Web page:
Big Brother Hits the Mall

Big Brother Hits the Mall

I travel a lot and I depend heavily on the GPS on my phone for directions and apps such as Yelp.  Whether I’m walking through a city, driving from the airport to my next meeting or looking for a good shoe store, my phone has become an indispensable navigation tool. That GPS has a more insidious use; it allows retailers to keep tabs on me as I shop, via tracking devices spread throughout stores (Dwoskin & Bensinger, 2013). When I try on dresses at Nordstrom, a “data manager” may collect my shopping habits.  If I spend a little extra time in the shoe department, someone may be taking notes. And then there are those occasions when I have an ice cream/potato chip/cookie craving; someone might be tracking my binge.


Picture retrieved from

Currently about 1000 retailers use GPS tracking to monitor my shopping habits and the habits of shoppers all over the country. This allows them to make decisions related to merchandising, display and even shoppers eating habits; ultimately the goal is to boost sales and get a leg up on the competition (Dwoskin & Bensinger, 2013). During the holiday shopping rush, retailers used GPS data to shift shopping traffic to less frequented parts of the store simply by moving the most desirable merchandise to that new location.  One firm used 2012 Black Friday tracking data to determine that shoppers who arrive at the mall around midnight leave the mall around 6 in the morning, often in search of breakfast. In response, mall restaurants opened early this year, to encourage shoppers to stay longer and spend more money (Dwoskin & Bensinger, 2013).

Many retailers fail to notify customers that they are being tracked, despite an outcry over privacy concerns. Retailers insist that personal data is not gathered, or they remind us that tracking is nothing new; for years, data gleaned from credit cards and loyalty cards have allowed retailers to tailor their offerings to a customer’s needs (T-Cuento, 2013).

Concerned shoppers don’t want someone looking over their shoulder while they are shopping for underwear; for many people it evokes images of Big Brother from the Orwellian novel, 1984. Yet, firms such as Macy’s, Wal-Mart and Home Depot plan to rollout the technology to gather data and provide shoppers with targeted information, such as merchandise locations (Dwoskin & Bensinger, 2013).  While that might come in handy the next time I’m looking for donuts, I’d rather keep some things to myself.  If you feel the same way, educate yourself through the research of organizations such as The Future of Privacy Forum ( Speak up and let your retailer know you object; Nordstrom shoppers made an impact by protesting the retailers tracking.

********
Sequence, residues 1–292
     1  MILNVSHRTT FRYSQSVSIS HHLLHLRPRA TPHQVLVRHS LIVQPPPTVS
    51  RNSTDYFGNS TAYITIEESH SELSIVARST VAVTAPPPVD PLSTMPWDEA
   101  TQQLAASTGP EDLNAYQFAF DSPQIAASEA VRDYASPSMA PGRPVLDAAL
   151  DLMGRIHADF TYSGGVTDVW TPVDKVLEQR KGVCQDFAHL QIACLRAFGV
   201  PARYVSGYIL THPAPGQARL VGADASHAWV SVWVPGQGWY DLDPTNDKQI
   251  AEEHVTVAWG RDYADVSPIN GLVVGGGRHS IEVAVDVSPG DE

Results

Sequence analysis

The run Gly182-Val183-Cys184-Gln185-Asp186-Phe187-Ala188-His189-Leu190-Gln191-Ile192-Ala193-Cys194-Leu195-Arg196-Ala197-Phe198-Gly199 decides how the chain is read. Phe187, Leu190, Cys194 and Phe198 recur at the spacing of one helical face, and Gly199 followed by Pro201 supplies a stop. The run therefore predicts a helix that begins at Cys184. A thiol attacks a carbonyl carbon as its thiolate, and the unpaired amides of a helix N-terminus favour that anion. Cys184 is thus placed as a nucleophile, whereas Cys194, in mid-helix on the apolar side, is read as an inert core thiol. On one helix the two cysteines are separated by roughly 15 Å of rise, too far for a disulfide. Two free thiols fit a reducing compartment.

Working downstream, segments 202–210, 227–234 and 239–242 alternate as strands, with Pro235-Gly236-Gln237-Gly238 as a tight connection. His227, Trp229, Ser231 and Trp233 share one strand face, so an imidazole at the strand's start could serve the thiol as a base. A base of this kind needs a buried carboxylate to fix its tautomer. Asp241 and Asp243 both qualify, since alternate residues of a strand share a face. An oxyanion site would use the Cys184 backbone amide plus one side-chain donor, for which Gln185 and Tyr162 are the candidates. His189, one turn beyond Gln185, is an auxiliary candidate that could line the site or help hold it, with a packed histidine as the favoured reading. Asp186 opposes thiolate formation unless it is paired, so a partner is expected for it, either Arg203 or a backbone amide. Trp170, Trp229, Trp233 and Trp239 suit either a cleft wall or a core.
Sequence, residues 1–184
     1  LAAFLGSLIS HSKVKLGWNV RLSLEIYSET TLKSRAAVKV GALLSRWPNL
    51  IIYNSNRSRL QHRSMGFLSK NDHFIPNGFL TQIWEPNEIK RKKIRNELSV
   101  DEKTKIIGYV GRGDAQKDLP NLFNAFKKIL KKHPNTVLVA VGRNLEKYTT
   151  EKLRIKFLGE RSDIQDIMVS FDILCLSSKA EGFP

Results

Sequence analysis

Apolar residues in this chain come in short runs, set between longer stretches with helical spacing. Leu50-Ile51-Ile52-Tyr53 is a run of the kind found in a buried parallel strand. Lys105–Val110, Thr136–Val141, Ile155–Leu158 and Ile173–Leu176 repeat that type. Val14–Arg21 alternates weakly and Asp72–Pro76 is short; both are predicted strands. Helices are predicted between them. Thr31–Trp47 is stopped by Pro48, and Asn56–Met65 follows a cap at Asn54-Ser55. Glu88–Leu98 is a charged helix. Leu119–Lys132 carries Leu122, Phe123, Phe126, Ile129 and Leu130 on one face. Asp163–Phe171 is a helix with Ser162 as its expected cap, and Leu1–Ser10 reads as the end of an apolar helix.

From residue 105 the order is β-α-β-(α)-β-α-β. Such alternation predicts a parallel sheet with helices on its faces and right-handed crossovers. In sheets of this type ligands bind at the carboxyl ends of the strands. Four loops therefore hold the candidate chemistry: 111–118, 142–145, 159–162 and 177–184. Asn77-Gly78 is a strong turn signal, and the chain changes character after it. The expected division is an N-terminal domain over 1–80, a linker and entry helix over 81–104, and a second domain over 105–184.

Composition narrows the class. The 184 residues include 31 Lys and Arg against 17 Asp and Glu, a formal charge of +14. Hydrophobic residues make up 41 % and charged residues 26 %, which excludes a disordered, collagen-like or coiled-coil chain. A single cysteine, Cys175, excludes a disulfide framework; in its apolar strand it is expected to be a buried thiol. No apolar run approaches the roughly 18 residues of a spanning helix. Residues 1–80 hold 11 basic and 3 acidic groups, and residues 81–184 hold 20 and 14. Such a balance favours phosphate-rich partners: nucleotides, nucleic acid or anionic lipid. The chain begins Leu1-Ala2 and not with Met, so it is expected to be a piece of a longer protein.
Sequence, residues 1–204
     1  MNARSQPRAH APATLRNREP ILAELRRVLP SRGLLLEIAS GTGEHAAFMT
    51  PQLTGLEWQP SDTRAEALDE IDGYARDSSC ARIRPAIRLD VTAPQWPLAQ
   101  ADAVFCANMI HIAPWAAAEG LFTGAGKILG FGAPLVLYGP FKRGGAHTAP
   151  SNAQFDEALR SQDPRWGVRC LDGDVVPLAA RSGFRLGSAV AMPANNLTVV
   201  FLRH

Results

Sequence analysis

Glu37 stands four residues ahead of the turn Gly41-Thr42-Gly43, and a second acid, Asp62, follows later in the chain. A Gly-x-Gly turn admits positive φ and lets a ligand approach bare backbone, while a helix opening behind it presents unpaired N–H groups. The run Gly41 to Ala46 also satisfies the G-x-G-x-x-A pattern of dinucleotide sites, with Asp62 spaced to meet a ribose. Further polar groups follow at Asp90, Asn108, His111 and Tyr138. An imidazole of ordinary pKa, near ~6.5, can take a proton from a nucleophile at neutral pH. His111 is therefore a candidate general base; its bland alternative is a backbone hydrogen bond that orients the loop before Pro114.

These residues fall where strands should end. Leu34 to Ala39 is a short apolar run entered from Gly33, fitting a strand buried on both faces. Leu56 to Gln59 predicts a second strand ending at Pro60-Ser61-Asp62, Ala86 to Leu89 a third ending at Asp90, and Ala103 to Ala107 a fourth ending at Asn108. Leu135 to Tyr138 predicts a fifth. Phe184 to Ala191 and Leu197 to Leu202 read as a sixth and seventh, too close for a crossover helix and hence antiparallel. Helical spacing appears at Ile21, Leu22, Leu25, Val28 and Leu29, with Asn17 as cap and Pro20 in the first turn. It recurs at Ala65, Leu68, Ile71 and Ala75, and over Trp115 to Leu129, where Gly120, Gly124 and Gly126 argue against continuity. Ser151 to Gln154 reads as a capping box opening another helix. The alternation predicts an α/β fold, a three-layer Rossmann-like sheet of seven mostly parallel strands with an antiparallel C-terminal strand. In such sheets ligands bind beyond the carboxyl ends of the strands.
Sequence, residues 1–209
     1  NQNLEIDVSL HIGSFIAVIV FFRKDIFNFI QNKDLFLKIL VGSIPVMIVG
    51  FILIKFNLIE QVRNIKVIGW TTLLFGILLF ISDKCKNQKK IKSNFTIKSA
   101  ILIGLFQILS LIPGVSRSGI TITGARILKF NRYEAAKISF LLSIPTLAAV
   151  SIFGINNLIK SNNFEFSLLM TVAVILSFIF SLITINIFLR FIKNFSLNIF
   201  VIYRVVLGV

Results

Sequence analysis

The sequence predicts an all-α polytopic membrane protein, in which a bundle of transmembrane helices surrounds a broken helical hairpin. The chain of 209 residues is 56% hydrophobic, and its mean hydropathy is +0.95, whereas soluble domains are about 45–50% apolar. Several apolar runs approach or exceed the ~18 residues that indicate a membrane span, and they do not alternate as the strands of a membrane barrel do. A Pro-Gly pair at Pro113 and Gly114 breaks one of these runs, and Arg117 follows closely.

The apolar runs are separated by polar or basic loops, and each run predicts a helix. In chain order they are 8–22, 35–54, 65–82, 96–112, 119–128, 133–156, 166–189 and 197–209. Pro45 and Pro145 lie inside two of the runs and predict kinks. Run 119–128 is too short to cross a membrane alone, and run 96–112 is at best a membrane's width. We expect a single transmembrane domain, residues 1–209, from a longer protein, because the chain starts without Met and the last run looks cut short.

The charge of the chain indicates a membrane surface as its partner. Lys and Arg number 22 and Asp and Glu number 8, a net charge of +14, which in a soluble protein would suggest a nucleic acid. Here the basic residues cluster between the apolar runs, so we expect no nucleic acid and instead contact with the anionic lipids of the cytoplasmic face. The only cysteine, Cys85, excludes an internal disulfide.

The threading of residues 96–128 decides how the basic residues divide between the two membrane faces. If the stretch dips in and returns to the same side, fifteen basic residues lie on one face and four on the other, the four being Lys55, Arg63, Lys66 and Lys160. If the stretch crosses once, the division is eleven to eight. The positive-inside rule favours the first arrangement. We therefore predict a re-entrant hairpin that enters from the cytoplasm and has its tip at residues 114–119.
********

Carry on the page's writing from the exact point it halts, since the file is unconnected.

Meanwhile, if you’re just looking for donuts, you’ll find them in aisle 9.

Dwoskin, E., & Bensinger, G. (2013, December 9). Business. Tracking Technology Sheds Light on Shopper Habits. WSJ. Com. Retrieved January 14, 2014, from

T-Cuento, 2013, April 9). How shopper tracking is creating a new retail experience. Retrieved from

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2 Responses to Big Brother Hits the Mall

  1. Kelly Schwager says:

    Hi Amy,
    Your post on the use of GPS technology inside retail establishments raises similar concerns as the new Magic Band initiative from Disney (see my blog post). While all of this tracking can definitely seem a bit creepy and easily go to far, I’m wondering what applications will emerge as acceptable — even welcomed — by consumers?

    For example, would it be ok if your location info was shared with Starbucks and they could offer you a free coffee since they “see” you are right down the street and know you are a loyal gold card customer that hasn’t been in in a while? Would it be ok if a local restaurant a $25 gift card if you stop by for lunch after your hair appointment since they “see” you are there now?

    Some of these possibilities may go too far while others seem like offers that I would certainly welcome. I think the key will be context and choice. If I’m receiving offers that truly “delight” and enhance my experience, then I’m likely to opt in. The second I feel like I’m being “marketed to” in an inappropriate or irrelevant way, I’m out!

    I’d definitely be curious to hear if there are scenarios where folks feel this new level of personalization and location-specific data sharing will be helpful/welcome?


  2. Kelly Schwager says:

    Hi Amy,
    The use of GPS to track consumer behavior in a retail environment evokes very similar issues and concerns to those raised in my post on the Disney Magic Bands. While there are certainly privacy concerns that need to be addressed with all of this new technology, I’m really curious about the scenarios where this combination of personal information and preferences, buying habits and location could actually “delight” — and even be welcomed by — the consumer.

    For example, what if Starbucks were to offer you a free coffee because they “see” you are in the area…and, although you are a gold card loyalty club member, you haven’t stopped by in a while? Or, what if your car could “tell you” where you could find available parking near Nordstrom as you are entering the parking lot? Are there scenarios where sharing personal data and/or your location would actually make the experience so much better that it makes sense to share?

    While the use of location data could become really creepy, really fast, I do think there are some interesting use cases where consumers will welcome these new technology advancements. The question I have is where – and how – we will draw the line?

    I’d be curious to hear what others think!